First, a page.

Doubledays guidance, the little monthly soon developed into a literary magazine of very respectable size and generally bookish contents.
The house also issued another periodical, The Presbyterian Review, a quarterly under the editorship of a board of professors connected with the Princeton and Union Theological Seminaries. This ponderous-looking magazine was not composed of what one might call light reading, and as the price of a single copy was eighty cents, and the advertisements it could reasonably expect were necessarily limited in number, the periodical was rather difficult to move. Thus the whole situation at the Scribners was adapted to give Edward an all-round training in the publishing business. It was an exceptional opportunity.
He worked early and late. An increase in his salary soon told him that he was satisfying his employers, and then, when the new Scribners Magazine appeared, and a little later Mr. Doubleday was delegated to take charge of the business end of it, Bok himself was placed in charge of the advertising department, with the publishing details of the two periodicals on his hands.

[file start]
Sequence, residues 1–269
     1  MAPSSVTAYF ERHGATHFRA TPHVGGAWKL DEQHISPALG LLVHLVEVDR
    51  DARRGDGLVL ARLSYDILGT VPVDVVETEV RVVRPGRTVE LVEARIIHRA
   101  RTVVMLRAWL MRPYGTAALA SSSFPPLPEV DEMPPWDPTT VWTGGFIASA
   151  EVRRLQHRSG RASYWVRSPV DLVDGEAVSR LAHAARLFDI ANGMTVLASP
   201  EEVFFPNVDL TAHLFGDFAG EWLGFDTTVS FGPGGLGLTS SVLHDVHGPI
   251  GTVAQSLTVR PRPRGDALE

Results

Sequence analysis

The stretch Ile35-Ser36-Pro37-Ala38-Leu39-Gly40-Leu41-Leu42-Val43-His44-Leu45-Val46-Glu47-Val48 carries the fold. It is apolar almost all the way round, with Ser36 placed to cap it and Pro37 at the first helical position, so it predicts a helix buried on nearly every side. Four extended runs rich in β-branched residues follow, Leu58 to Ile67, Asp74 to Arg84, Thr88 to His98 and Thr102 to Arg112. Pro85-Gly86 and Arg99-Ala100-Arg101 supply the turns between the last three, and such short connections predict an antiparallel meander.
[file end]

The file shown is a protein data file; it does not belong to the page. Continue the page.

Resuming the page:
He suddenly found himself directing a stenographer instead of being a stenographer himself. Evidently his apprentice days were over. He had, in addition, the charge of sending all the editorial copies of the new books to the press for review, and of keeping a record of those reviews. This naturally brought to his desk the authors of the house who wished to see how the press received their works.
The study of the writers who were interested in following